Srijan Bharati Das recipient of the 2022 Elisabeth H. and F. A. Dahlen Fund

June 27, 2022
Tony Dahlen profile pic
Tony Dahlen in Guyot Hall in the early 2000s.
 

The Department of Geosciences has named Srijan Bharati Das as the recipient of the 2022 Elisabeth H. and F. A. Dahlen Fund. The fund was established in 2010 to advance the theoretical geosciences in the spirit of the research of Professor Tony Dahlen (1942-2007). The Fund provides resources to students and/or postdocs for study and research in and beyond seismology.

Srijan is a fifth-year graduate student working with Professor Jeroen Tromp. His work centers on understanding the interior of our Sun through seismology. His published studies on inferring solar properties from solar oscillations are advancing our understanding of the Sun’s structure, internal flow, rotation rate and magnetic field.

More on Srijan's Research

Srijan Das profile pic

Solar variability and its impact on near-Earth space weather are rooted in the interior dynamics of the Sun. Helioseismology uses solar oscillations, observed by satellite or ground-based instruments, to discover its internal material properties, rotation, convection, and magnetism. Solar variations on the scale of days to decades depend critically on the internal magnetic field. Yet, due to the absence of formal methods for imaging magnetic fields, past studies suffered formidable challenges. Srijan’s work derived sensitivity kernels for solar magnetic field imaging which, for the first time, exactly link surface observations to inference of the solar internal magnetic field. His work also showed that a precise understanding of rotational effects is indispensable to modeling the magnetic field from helioseismic measurements. His second and third papers were devoted to accurately measuring solar internal rotation and carrying out precise inversions for near-surface rotation rates. For the concluding chapters of his dissertation, Srijan plans to introduce mode splitting functions to helioseismology. This approach has been a stalwart in terrestrial seismology, e.g., for mapping wavespeed anisotropy in Earth’s inner core. Combining splitting functions with magnetic sensitivity kernels and accurately measured internal rotation rates will open up new avenues in the scientific study of solar internal magnetism.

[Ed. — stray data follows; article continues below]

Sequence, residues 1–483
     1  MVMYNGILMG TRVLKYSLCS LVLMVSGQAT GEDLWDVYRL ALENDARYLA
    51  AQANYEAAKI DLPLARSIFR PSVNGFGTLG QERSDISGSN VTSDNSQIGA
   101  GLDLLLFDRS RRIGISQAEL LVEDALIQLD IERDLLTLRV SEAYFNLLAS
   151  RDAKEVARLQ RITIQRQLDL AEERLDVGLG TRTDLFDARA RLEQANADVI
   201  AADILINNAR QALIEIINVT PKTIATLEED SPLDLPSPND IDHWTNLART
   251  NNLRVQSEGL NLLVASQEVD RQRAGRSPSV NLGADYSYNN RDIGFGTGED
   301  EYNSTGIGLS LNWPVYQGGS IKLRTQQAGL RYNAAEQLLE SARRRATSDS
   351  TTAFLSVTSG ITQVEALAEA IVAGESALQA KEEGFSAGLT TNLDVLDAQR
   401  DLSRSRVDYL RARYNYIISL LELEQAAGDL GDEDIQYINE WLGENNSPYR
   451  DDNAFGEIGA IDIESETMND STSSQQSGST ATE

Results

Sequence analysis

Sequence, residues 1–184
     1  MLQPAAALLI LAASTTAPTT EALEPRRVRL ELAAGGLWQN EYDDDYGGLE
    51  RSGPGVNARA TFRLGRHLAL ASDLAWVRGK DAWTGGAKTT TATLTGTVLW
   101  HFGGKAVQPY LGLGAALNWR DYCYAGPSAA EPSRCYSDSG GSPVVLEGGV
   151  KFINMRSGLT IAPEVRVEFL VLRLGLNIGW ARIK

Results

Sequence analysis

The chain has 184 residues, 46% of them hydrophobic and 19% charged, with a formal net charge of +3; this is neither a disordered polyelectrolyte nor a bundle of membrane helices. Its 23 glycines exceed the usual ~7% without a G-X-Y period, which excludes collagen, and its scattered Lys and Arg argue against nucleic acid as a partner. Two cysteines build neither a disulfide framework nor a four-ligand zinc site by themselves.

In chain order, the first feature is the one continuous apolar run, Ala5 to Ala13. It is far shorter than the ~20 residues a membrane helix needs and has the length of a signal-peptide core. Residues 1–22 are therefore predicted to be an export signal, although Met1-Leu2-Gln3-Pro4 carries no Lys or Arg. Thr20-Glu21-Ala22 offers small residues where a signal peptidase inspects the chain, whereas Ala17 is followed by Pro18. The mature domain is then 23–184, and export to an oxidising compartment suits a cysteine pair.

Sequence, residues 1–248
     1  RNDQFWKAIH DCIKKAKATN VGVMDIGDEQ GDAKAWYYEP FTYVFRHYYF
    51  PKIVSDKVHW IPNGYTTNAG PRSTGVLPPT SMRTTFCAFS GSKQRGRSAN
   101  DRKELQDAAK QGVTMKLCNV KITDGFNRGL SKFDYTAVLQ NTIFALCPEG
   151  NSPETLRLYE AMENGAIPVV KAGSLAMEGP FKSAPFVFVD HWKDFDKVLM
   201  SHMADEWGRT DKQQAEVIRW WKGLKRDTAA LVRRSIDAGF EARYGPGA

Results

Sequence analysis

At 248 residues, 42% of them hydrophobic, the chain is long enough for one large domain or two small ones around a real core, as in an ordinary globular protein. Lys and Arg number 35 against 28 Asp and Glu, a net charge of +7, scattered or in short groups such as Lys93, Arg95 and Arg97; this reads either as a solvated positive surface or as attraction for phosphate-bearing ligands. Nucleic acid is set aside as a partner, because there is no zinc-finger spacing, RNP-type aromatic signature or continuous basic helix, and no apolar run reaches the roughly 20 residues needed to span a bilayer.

Srijan will use the Dahlen Memorial Fund award to conduct research at the Tata Institute of Fundamental Research in Mumbai, India, collaborating with Professor Shravan Hanasoge, formerly an Associate Research Scholar at Princeton.

If you wish to make a contribution, please write out a check payable to The Trustees of Princeton University and mail it to Dr. Nora Zelizer, Department of Geosciences, M180 Guyot Hall, Princeton, New Jersey 08544-1003, with a note clearly earmarking your gift for the Dahlen Memorial Fund.